Sewing and textiles with Ann
Further exploration of embroidery.
The interest started to 2020 when SewBrum included an online demonstration of bargello from local lady, Tina Francis. I watched the demo, but didn’t buy the kit. I finally bought the kit from Tina at the Knitting and Stitching Show at Alexander Palace in 2022. It took me about 3 hours to make the pin cushion, and it immediately struck me that i could have some fun with this craft. I was further encouraged at the Kaffe Fassett exhibition at the Fashion and Textile Museum, where after viewing lots of quilts (i’ll be surprised if you see me quilting….) there was a collection of needlepoint cushions. ‘I can do that’, i thought.
I bought the book. It’s full of inspiration, even if it is primarily a stitch guide.
Within moments i had stitched another pin cushion based on an idea in ‘the book’.
Then i started to play around with some of the stitches and patterns, making bookmarks, intended for the girls with whom i visited both Knitting and Stitching, and the Fashion and Textile Museum.
I had a quick chat with Tina at Sewing for Pleasure the other week, and she agreed that ‘playing around’ is a good idea. I also checked with her where is the best place to get tapestry wool, as it doesn’t seem to be widely available. I had already found WoolWarehouse, and she recommended this family run business in Leamington Spa without prompting. The problem is that it is only online, and as we all know, matching colours online is fraught with unreliability. I have now created an inventory of dye numbers to assist with future matching.
They also sell the canvas. Now that’s another challenge not yet fully explored. Like cross stitch canvas, it comes in a variety of hole sizes (count), and these need to be matched to the thread type to achieve a particular coverage. The DMC tapestry thread and 12 count canvas work well. Some of my samples are stitched with a narrower wool, which might be better with 14 count canvas.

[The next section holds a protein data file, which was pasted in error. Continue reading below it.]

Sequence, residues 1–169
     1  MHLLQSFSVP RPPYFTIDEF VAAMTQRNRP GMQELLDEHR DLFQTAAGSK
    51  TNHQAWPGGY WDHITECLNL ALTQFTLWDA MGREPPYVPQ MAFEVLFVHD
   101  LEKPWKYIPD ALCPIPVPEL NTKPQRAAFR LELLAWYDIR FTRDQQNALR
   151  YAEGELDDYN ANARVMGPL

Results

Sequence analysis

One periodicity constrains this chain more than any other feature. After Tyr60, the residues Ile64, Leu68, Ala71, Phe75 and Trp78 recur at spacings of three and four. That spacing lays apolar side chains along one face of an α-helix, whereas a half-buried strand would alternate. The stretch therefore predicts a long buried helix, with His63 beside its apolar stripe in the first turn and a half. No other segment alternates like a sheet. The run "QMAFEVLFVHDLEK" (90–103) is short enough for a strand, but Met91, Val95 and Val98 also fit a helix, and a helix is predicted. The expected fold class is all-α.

The leaf design is probably the first that i stitched, using the narrower wool. It’s got a couple of errors, but that is what early ‘play’ is about. To its left, the bookmark is made from leftovers from Tina’s pincushion. It was after that that i had to source more wool of a similar quality and brightness! My expanding colour range is demonstrated in the 3 unfinished bookmarks at the top. To finish the bookmarks i simply tidied up any straying ends, stuck some felt onto the back and then cut out the bookmark when the glue had dried.
What to do with other early pieces? Turn them into a lavender bag for the bedroom. The 3 colours were then plaited into a hanger and hand stitched in place with ordinary sewing thread. This is the narrower wool on 12 ct, and probably needs greater coverage for a future version.
The craft is really quick to grow, genuinely portable (i took some on a recent holiday), requires some, but not great concentration, and can easily be done in quite short time slots. The price and service from Wool Warehouse has been very good, and hopefully i now have the matter of colour matching under control. It’s going to be a great craft for creating little gifts, some of which might even be useful!